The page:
National Estimates of Medication Use in Nursing Homes: Findings from the 1997 Medicare Current Beneficiary Survey and the 1996 Medical Expenditure Survey

School of Medicine, Universityof Pennsylvania, Philadelphia, Pennsylvania, USA.
Journal of the American Geriatrics Society (Impact Factor: 4.57). 04/2005; 53(3):438-43. DOI: 10.1111/j.1532-5415.2005.53161.x
Source: PubMed


To provide the first nationwide estimates of medication use in nursing homes (NHs) and to introduce a new data set for examining drug use in long-term care facilities.
Cross-sectional comparison.
NH medication files from two nationally representative data sets, the 1997 Medicare Current Beneficiary Survey (MCBS) and the 1996 Medical Expenditure Panel Survey-Nursing Home Component (MEPS-NHC).
NH residents in the MCBS (n=929, weighted n=2.0 million) and MEPS-NHC (n=5,899, weighted n=3.1 million).
Estimates include characteristics of facilities and residents, average number of drugs used per person per month, and the prevalence and duration of use by select therapeutic drug classes.
NH residents received, on average, seven to eight medications each month (7.6 MCBS, 7.2 MEPS-NHC). About one-third of residents had monthly drug regimens of nine or more medications (31.8% MCBS, 32.4% MEPS-NHC). The most commonly used medications in NHs, in descending order, were analgesics and antipyretics, gastrointestinal agents, electrolytic and caloric preparations, central nervous system agents, anti-infective agents, and cardiovascular agents.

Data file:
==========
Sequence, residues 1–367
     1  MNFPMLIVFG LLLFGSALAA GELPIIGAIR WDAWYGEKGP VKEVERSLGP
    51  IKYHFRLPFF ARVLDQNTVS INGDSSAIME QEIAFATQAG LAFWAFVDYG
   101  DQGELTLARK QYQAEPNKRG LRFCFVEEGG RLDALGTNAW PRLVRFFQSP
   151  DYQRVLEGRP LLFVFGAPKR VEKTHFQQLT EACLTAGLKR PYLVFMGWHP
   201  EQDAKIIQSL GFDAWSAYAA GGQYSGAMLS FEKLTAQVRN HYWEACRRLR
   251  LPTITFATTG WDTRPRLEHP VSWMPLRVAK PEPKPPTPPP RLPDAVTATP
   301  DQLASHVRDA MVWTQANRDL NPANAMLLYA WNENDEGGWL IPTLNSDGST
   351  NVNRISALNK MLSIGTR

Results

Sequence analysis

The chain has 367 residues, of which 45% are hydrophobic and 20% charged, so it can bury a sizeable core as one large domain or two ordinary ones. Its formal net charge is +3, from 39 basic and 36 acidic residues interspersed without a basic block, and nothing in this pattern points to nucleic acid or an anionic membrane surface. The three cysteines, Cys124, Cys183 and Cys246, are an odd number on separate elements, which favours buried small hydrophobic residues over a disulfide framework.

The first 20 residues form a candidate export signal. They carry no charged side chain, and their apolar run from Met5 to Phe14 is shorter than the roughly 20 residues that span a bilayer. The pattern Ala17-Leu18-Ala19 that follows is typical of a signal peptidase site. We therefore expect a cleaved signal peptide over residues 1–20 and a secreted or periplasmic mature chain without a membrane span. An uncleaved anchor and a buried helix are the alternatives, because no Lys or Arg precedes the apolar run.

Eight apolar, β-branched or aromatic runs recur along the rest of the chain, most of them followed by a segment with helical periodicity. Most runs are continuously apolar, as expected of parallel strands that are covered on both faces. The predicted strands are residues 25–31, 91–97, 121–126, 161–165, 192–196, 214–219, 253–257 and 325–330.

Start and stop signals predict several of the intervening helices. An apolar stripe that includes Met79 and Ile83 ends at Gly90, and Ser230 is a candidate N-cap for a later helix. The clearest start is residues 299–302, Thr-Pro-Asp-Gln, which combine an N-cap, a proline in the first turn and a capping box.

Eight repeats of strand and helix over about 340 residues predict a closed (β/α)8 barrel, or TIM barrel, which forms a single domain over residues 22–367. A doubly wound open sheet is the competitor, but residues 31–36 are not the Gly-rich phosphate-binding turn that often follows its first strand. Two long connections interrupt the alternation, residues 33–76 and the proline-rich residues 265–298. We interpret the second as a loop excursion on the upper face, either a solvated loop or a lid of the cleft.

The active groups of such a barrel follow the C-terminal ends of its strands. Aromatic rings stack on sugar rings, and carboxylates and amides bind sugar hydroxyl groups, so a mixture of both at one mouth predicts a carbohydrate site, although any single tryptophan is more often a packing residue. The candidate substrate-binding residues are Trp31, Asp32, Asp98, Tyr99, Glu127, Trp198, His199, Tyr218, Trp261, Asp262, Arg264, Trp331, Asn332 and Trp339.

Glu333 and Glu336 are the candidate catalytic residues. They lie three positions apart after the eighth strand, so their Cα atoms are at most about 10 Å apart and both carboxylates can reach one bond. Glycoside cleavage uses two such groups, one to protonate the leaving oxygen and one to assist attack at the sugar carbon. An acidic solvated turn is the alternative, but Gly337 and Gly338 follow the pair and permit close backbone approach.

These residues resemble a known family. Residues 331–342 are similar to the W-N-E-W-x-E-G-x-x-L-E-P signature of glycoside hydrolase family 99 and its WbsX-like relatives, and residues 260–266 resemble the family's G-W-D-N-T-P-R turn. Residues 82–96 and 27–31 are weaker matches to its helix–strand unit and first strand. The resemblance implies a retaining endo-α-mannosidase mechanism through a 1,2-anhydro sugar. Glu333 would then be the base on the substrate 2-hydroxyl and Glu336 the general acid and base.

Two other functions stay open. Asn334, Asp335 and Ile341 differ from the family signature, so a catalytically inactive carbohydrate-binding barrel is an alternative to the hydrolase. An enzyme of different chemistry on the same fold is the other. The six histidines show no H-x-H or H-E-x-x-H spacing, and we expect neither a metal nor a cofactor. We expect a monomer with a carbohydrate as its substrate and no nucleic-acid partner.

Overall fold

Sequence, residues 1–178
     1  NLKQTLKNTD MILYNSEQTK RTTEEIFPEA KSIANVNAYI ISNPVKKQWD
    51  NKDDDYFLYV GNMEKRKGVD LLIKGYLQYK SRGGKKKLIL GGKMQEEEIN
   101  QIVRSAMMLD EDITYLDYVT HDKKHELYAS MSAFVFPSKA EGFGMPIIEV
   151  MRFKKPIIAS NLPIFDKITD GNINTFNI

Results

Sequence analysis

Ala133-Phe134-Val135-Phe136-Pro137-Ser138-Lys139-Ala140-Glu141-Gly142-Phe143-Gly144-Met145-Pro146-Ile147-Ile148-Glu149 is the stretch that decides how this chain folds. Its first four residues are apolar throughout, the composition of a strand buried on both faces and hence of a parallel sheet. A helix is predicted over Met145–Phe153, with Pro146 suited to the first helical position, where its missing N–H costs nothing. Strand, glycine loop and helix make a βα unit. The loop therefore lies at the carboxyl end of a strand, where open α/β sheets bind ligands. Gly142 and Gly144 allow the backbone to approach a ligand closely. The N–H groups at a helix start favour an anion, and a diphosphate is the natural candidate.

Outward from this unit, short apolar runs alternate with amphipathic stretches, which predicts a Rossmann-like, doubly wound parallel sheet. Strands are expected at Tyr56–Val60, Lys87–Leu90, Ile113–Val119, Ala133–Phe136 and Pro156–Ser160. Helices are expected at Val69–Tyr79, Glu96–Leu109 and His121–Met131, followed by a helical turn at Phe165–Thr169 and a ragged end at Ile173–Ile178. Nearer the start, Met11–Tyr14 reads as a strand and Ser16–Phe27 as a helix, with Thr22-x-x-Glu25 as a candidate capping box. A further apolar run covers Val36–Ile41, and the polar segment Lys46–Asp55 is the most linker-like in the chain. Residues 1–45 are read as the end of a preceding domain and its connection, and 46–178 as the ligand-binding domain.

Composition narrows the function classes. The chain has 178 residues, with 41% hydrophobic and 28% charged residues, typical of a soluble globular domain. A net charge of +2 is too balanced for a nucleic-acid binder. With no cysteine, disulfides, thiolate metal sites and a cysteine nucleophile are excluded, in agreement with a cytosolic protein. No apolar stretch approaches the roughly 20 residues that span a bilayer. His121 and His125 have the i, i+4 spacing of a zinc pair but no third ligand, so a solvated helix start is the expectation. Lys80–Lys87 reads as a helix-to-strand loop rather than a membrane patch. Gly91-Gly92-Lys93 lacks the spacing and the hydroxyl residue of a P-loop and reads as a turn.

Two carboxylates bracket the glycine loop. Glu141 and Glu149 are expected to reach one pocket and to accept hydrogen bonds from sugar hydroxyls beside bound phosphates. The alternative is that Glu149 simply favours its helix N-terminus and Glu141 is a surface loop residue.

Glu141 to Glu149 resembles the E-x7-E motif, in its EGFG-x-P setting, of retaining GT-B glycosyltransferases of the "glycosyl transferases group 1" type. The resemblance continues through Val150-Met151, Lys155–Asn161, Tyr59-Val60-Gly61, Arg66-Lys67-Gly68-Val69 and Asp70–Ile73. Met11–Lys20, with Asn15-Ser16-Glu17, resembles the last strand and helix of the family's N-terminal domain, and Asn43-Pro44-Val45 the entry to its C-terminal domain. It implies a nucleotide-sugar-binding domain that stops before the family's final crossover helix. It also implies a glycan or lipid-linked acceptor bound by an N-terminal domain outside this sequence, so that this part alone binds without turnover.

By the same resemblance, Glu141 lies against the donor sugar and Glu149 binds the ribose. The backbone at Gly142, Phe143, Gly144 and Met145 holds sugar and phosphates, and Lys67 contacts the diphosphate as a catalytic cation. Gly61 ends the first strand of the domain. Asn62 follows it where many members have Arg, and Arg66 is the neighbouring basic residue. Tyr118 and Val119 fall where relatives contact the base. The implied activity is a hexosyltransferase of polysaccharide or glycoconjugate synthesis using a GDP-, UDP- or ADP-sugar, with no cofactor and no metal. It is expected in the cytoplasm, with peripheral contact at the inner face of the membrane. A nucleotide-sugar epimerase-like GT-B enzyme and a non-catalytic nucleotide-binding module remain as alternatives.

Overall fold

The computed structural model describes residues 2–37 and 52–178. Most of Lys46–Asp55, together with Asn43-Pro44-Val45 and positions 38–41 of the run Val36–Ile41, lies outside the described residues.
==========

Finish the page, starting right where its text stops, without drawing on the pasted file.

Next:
These estimates serve as examples of the first national benchmarks of prescribing patterns in NHs. This study highlights the usefulness of the MCBS as an important new resource for examining medication use in NHs.

5 Reads
  • Source
    • "Research has found that residents living in residential aged care homes (RACHs) were prescribed significantly more medications than those living independently [2]. International studies found that residents in RACHs were prescribed an average of seven to nine medications [3] [4] [5]. As various healthcare workers such as doctors, pharmacists and nursing staff collaboratively work in the medication management process [6], and each needs to make specific decisions and actions, this process can be error-prone [7]. "
    [Show abstract] [Hide abstract]